Annual price volatility at the Henry Hub has been high for the past decade, but there is no consistent trend of increasing or decreasing volatility, according to the Energy Information Administration (EIA).
EIA recently examined volatility in gas markets and has just published its findings. The research relied in part on gas prices published by Intelligence Press in NGI’s Daily Gas Price Index.
“An examination of daily settlement prices at the Henry Hub shows that annual volatility has fluctuated between 49% and 218% since 1994,” EIA said. “Although the individual values each year are high relative to some commodities, the level of annual volatility does not seem to exhibit a clear trend in recent years.”
Average prices at Henry Hub are increasing, but the upward price movements are not reflected in volatility levels, EIA said, pointing out that price and volatility are “two distinct concepts.”
Where EIA did find a clearly discernible trend with regard to volatility is in its seasonality. Volatility follows temperature patterns, with the highest volatility seen from October through February, EIA said. According to EIA’s analysis of 1994-2006 gas markets, February had the highest average monthly volatility at 27.45%, followed by December, 26.74%; January, 25.38%; and November, 24.75%. October volatility averaged 22.79%; followed by September, 17.05%; and March 16.49%. August followed close behind at 16.32% while the remaining spring and summer months all had volatilities of less than 13%.
Further, EIA found a “rather complex” relationship between volatility and the amount of gas in storage. “For instance, there appears to be a slight lag between the measured volatility levels and the storage levels in many years such that the relative storage level peaks one or two months after the peak of volatility,” EIA said. “This may suggest that volatility affects demand for storage in later time periods or that the impact of storage on volatility has an upper limit beyond which market forces take precedence.”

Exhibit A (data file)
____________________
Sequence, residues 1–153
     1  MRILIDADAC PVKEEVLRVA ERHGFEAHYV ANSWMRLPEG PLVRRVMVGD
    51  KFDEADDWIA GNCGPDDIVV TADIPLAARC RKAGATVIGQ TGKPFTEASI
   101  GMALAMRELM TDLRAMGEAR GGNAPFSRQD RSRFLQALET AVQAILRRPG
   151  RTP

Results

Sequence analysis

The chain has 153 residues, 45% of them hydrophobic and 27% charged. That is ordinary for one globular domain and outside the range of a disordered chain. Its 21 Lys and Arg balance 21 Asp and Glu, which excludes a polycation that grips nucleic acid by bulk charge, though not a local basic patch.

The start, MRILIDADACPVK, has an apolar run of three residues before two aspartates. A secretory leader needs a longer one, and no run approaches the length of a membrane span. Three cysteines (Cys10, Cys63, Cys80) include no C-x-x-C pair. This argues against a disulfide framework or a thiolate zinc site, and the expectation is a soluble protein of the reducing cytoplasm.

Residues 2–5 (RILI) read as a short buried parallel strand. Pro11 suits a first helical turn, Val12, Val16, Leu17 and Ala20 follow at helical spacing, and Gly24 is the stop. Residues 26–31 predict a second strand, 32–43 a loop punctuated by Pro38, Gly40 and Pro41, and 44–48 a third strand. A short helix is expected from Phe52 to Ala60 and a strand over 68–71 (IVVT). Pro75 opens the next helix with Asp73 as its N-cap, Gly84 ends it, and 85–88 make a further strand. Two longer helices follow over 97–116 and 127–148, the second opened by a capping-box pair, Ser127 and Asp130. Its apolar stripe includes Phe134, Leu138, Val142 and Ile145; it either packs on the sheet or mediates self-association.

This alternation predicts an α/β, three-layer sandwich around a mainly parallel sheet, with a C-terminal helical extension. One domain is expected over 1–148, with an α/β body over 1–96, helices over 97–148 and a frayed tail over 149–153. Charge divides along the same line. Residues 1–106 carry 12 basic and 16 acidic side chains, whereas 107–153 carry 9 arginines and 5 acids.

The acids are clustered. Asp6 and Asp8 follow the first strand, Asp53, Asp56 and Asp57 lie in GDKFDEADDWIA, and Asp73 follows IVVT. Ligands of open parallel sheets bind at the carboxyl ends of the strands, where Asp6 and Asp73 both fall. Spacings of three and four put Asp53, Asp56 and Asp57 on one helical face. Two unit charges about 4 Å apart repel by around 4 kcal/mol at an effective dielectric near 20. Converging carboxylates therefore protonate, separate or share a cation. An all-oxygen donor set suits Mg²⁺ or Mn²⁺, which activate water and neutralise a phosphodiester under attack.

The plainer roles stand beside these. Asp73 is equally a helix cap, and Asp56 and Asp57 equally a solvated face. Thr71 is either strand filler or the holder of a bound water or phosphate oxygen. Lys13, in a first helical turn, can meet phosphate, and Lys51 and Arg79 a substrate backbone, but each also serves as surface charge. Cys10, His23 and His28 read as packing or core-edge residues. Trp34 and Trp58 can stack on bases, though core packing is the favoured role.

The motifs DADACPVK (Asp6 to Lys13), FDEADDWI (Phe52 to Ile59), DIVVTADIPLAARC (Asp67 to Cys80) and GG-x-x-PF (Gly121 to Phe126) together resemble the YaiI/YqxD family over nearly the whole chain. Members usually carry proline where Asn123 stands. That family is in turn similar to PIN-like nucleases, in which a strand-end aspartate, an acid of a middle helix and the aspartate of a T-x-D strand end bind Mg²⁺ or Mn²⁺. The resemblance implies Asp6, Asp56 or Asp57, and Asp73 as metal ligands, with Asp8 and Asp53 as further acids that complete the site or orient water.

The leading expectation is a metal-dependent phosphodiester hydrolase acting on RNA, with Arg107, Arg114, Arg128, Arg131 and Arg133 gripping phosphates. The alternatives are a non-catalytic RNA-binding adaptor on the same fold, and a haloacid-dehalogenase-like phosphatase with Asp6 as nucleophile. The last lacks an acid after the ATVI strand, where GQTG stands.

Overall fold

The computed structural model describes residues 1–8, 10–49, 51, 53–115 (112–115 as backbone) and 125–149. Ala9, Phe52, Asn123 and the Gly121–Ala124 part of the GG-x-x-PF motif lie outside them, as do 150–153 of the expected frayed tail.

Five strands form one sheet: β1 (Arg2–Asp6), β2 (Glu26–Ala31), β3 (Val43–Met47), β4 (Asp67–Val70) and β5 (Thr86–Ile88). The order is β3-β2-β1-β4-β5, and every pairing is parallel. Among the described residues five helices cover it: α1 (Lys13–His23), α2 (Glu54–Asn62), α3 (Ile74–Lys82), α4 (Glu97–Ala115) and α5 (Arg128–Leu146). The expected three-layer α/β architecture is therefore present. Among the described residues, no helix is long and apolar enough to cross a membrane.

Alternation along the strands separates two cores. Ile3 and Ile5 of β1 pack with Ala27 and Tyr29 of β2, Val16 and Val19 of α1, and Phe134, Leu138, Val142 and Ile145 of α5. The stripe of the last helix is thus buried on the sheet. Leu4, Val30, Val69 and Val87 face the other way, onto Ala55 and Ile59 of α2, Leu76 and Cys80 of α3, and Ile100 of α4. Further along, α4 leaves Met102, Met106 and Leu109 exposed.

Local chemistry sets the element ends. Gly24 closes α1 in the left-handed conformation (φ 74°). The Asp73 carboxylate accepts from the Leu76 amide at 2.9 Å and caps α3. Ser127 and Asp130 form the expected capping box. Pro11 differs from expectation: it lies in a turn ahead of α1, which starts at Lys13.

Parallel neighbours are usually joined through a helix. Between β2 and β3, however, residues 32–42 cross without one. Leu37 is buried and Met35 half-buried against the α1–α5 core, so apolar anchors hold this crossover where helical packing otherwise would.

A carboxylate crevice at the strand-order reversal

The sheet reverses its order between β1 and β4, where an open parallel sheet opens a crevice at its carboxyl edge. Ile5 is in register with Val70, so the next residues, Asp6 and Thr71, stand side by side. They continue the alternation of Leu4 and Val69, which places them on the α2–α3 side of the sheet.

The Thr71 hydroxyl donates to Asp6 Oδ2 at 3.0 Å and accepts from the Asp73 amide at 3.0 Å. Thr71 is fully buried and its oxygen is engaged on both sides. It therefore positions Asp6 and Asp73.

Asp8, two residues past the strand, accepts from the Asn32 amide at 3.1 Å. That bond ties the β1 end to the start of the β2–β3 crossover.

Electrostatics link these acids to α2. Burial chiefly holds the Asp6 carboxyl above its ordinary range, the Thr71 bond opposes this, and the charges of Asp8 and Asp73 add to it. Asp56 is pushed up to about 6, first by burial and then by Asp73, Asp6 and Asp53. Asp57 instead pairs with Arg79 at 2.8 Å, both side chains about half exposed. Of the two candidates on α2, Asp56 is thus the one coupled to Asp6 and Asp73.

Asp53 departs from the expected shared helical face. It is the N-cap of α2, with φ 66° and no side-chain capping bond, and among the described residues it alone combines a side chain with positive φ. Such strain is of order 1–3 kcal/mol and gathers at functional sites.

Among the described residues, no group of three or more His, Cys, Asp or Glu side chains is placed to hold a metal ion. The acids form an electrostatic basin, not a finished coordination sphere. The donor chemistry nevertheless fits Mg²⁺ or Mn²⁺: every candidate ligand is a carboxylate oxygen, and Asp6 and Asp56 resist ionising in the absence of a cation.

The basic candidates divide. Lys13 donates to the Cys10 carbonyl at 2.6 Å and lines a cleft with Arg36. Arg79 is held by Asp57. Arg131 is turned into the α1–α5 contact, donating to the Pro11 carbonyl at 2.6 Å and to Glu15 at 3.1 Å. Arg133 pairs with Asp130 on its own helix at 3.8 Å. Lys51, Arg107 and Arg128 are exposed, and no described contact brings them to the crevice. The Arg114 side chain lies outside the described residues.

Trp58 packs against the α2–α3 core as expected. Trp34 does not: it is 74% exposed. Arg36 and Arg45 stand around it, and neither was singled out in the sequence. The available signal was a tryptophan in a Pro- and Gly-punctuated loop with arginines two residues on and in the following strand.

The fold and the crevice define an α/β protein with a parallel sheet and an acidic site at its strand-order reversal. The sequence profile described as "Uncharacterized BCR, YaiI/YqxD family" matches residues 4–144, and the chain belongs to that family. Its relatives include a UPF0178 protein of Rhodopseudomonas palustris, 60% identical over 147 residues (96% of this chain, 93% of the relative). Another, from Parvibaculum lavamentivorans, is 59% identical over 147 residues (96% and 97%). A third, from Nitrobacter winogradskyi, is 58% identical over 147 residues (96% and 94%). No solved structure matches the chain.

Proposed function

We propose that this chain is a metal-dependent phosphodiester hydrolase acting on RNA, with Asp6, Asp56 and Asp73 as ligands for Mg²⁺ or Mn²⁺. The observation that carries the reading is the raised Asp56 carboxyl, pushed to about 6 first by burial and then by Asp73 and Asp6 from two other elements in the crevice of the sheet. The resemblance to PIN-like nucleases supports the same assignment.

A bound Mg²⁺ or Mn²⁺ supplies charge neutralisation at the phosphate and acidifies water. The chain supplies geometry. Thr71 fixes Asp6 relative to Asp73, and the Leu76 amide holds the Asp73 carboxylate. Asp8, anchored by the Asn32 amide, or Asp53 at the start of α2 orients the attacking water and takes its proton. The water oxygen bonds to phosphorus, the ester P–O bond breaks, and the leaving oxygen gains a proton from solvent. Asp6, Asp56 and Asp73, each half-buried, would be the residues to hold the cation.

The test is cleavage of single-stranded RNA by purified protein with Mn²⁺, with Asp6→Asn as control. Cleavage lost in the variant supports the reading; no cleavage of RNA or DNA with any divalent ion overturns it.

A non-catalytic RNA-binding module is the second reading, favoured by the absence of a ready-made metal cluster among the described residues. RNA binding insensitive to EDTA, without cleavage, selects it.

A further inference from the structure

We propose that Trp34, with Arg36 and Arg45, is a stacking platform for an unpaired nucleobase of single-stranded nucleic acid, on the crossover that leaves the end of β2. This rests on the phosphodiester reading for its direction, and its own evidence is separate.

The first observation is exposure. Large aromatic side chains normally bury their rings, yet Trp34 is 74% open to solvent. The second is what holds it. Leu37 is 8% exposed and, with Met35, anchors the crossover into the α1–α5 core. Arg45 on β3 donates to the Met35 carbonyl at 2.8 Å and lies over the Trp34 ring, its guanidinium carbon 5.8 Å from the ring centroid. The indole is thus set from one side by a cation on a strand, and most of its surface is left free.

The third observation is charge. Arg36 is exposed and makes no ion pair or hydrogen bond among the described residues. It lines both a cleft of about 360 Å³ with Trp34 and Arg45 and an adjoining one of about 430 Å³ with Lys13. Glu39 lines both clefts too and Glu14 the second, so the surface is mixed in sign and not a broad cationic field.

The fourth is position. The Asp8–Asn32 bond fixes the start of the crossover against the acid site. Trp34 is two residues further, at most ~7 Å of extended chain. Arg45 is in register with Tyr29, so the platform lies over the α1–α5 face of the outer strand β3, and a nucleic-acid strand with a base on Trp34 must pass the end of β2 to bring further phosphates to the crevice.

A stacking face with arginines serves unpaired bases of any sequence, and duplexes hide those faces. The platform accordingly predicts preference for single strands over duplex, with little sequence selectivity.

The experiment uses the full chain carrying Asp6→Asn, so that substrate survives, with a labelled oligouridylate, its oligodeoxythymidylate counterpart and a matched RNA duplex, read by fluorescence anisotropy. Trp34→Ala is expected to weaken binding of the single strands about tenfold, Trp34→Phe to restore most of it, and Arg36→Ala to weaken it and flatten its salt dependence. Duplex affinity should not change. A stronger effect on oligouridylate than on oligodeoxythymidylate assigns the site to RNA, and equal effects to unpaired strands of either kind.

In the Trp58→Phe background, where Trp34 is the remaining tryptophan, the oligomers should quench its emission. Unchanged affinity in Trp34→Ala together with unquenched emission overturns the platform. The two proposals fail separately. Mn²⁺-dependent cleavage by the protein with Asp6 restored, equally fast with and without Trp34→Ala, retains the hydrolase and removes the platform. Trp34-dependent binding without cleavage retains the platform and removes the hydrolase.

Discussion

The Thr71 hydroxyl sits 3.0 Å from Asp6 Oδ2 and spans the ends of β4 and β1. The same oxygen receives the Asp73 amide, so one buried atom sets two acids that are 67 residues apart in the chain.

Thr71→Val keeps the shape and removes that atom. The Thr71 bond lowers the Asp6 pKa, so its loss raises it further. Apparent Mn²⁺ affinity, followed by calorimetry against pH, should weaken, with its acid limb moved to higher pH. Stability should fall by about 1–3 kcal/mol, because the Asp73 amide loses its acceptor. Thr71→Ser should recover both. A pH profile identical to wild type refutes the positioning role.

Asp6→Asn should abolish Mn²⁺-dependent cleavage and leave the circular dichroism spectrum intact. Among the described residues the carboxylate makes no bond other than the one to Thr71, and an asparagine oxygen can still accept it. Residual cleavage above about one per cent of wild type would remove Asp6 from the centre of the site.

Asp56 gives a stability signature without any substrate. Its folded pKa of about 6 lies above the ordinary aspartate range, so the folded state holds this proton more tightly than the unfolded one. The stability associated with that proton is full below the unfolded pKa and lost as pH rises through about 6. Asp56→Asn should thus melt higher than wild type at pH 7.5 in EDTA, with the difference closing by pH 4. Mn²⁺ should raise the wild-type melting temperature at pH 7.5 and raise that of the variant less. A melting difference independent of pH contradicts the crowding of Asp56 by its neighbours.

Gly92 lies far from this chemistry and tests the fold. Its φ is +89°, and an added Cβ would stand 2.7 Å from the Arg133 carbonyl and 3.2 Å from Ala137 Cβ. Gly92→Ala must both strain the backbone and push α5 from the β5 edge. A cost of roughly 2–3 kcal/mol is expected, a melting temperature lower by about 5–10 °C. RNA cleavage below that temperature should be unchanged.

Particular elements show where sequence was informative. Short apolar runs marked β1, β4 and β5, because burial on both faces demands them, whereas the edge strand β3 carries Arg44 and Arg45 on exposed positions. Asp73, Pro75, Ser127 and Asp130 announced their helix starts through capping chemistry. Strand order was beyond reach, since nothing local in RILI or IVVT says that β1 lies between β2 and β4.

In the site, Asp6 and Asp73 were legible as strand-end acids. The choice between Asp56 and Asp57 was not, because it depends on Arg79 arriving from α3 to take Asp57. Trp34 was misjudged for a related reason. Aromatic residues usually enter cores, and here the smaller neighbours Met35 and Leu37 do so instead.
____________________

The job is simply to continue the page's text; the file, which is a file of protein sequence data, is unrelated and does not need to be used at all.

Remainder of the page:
EIA said that while it is common for storage levels above the five-year average to be interpreted as indicating “an ease in market tightness,” gas in storage does not impact the market directly. “It is the flows into or out of storage that have a direct impact on the market by altering the current supply or demand conditions.”
In its analysis EIA examined volatility at the Henry Hub but also looked at the New York City and Chicago markets and found similarities as well as differences.
At New York City, volatility is significantly higher than at Henry Hub and has been so in recent years, EIA said. Volatility levels at New York have been consistently above 100% since 2000 and around 200% between 2003 and 2005. “Another factor differentiating price patterns at this location from the Henry Hub is that, generally, the level of volatility for a given year seems to follow the same movement as the average spot price in that year,” EIA said. This was true except in 2005 when volatility at New York fell from 231% to 191% but the average spot price at New York increased from $6.96 to $10.08/MMBtu.
To explain New York’s volatility, EIA pointed to the market’s distance from gas supply as well as pipeline constraints, particularly during the winter months; cold winters; high population; and preponderance of gas/fuel oil-fired generation in New York City. EIA did not make mention of the Rockies Express pipeline project, Phase III of which will deliver gas to Ohio, from where at least some of it is expected to reach New York and other eastern markets (see Daily GPI, Aug. 17; Aug. 10).
At Chicago EIA found volatility patterns similar to those at Henry Hub. “The lower price volatility in the Chicago market reflects the impact of relatively more supplies being available in the general vicinity,” EIA said. “Chicago markets have the advantage of a major trading hub and large-capacity pipeline systems in the area.”
While volatility at Chicago is generally greater than at Henry Hub during the winter, volatility at New York often significantly exceeds that at both locations throughout the year.
Even with low volatility levels, price risk can be significant depending upon the market, EIA said.
“[T]he cost impact of price changes in a month with higher volatility (32%), yet a relatively low average spot price ($2.42/MMBtu) [December 2001], was compared with that in a month with lower volatility (19%), but a relatively high spot price ($6.58/MMBtu) [December 2004]. Although the calculated volatility was lower in December 2004, the range of potential costs to the consumer, or revenue for the supplier, was almost double that in December 2001, $2.3 million compared with $1.4 million,” EIA said.
“Volatility may not be increasing, but even under relatively low levels of volatility, financial risk can be large as daily price movements expand.”
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